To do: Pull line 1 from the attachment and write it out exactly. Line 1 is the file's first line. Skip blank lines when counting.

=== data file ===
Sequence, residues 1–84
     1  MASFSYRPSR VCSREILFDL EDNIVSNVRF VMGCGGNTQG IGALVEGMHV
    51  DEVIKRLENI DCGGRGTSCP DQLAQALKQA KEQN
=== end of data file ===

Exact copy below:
Sequence, residues 1–84